EH: A lot of my work is related to “displacement”, where people are being pushed out of the neighbourhood in which they live—farther and farther, kind of “out of sight out of mind”. There's a clear connection between capital coming in where people can buy way above what residents in those neighbourhoods can afford. There are big companies buying multiple residential units then boosting up the prices, and lots of illegal evictions. You often hear about Quebec having great rental protections, but there are a lot of informal and unrecorded evictions happening.

Q: What is at the core of all this?
EH: It’s a very complicated problem with many actors but it comes down to capital.

It’s been going on for awhile but has really been accelerated by the commodification of housing; seeing something as fundamental as shelter being turned into a product to trade. Speculation, or seeing potential value into a place, is a huge driver of gentrification also. What happens is an area is seen as up and coming, and in anticipation of it’s potential, people and companies buy a bunch of properties, flip them and then increase the prices to what they think it should be. All of it is a slow process implying multiple actors. There are so many community networks that get disrupted when housing becomes more about wealth creation than a fundamental necessity.

Q: Who is to blame?
EH: Pressure in activist circles tends to point out the fault on individual tenants, but they are sometimes missing the point. “You didn't refuse the rent increase”, “You didn’t take action against your landlord”. Not everybody has the resources or time to do that. We have to combat a collective capital movement with a collective response, not always individual.

It’s easy to blame a few individuals or big companies for buying all residential buildings, and they certainly are a driver. They are definitely the problem, but the thing with capital is that it also turns community members against each other. Instead of seeing houses as places of interconnectivity between their neighbours, their grocery store or coffee shop, they are seen as investments. This nature of wealth around housing breaks down the community, having impacts on the ways we individually interact.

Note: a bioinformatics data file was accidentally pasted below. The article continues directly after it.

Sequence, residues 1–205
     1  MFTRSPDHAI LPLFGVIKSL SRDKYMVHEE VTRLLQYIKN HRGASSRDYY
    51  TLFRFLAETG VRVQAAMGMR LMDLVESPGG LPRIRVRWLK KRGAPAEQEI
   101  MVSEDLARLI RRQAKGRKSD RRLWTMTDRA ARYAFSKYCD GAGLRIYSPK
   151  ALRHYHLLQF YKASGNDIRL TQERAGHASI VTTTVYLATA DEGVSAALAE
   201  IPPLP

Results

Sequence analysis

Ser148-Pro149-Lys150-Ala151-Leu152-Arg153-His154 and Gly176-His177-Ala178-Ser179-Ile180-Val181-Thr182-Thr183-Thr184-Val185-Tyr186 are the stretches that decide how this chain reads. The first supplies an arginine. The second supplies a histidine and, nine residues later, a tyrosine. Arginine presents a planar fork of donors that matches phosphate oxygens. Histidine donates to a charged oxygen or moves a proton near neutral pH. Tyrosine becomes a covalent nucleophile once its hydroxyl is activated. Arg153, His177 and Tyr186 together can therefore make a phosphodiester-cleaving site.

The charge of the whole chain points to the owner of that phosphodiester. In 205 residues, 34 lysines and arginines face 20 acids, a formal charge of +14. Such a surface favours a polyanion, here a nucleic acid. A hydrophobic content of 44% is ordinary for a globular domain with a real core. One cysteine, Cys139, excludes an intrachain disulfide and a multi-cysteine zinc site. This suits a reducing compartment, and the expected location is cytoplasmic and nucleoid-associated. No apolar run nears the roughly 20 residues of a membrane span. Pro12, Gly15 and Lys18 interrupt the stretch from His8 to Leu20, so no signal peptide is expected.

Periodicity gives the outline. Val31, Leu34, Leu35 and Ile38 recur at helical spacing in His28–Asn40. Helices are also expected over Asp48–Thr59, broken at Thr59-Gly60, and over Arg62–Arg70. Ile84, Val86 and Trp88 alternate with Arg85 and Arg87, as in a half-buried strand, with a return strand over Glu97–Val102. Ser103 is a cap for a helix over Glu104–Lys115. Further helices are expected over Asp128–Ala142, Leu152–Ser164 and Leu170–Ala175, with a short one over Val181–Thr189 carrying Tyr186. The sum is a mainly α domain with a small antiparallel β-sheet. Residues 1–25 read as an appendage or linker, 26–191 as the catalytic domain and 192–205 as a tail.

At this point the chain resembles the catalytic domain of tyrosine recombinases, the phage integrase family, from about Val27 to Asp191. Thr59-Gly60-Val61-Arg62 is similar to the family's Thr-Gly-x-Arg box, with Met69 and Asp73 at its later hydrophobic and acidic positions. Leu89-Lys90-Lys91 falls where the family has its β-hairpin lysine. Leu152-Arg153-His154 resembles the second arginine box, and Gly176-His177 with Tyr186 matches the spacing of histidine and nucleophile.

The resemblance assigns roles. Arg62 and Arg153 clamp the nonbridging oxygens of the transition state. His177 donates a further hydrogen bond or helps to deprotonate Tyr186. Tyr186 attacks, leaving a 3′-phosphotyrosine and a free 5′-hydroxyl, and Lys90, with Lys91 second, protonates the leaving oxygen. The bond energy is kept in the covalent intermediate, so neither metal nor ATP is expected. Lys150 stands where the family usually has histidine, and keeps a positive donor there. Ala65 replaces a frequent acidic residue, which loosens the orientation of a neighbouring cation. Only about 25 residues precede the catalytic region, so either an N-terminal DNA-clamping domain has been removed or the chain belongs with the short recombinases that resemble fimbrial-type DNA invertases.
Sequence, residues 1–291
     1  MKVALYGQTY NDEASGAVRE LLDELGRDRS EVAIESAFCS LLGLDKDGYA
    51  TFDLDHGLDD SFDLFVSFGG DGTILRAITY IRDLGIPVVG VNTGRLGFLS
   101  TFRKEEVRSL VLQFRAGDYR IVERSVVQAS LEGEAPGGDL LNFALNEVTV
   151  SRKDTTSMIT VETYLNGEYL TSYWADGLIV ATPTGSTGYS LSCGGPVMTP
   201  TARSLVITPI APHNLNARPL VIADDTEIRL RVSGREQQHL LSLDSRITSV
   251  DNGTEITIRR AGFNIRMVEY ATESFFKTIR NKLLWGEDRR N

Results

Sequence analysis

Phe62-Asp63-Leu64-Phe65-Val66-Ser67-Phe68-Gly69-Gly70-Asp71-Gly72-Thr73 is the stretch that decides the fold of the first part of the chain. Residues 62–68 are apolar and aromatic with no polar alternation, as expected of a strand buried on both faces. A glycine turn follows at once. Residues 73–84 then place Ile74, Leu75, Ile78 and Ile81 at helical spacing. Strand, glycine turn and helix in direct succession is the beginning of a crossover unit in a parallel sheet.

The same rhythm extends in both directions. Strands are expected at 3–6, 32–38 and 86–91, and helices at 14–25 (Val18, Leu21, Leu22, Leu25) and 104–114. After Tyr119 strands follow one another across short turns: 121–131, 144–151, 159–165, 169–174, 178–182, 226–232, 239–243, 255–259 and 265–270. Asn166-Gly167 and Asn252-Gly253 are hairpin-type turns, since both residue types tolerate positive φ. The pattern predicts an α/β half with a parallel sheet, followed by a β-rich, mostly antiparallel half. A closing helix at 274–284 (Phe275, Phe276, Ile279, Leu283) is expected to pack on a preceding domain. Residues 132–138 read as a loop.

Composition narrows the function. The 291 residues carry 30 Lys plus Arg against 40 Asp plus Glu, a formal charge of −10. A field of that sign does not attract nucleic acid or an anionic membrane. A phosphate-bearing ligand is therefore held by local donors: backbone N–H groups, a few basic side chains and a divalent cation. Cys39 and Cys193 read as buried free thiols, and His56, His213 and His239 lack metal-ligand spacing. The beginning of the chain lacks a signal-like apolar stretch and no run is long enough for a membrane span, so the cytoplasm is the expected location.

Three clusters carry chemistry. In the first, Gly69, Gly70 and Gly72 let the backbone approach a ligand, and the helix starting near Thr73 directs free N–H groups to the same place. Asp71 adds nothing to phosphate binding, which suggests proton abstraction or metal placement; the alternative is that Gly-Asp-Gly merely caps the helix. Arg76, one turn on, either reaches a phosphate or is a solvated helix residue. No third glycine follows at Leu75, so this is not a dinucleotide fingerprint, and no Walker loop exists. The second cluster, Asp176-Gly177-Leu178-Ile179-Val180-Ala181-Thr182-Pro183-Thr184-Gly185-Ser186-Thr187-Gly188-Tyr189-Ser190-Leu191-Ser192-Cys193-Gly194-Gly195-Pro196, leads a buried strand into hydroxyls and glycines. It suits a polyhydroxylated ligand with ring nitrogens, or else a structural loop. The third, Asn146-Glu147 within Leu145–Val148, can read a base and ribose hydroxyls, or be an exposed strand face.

It’s hard to blame individuals for taking an opportunity that is the best for themselves and their family. Housing is a big sign of intergenerational wealth as well. They are not intentionally trying to harm their community, they are just making a smart decision for their future.

One thing to note is government involvement in this issue. A lot of gentrification and commodification is state sponsored, supported by provincial and municipal governments. Many of these taxes in cities are based on property taxes : the more one pays, the more resources one will get from the government. When the property taxes are increasing, the city is okay with it because they receive this money.

More depressed areas are getting less resources, putting that into this cycle of poverty or prosperity. There are places getting these resources that are disproportionately whiter, richer places, and the people disproportionately affected are people of color or those who don't have as many options. We also see as property taxes go up and other people moving in, long term residents are unable to afford to stay. So the question is: Who is benefiting from these measures? Who is this wealth being created for?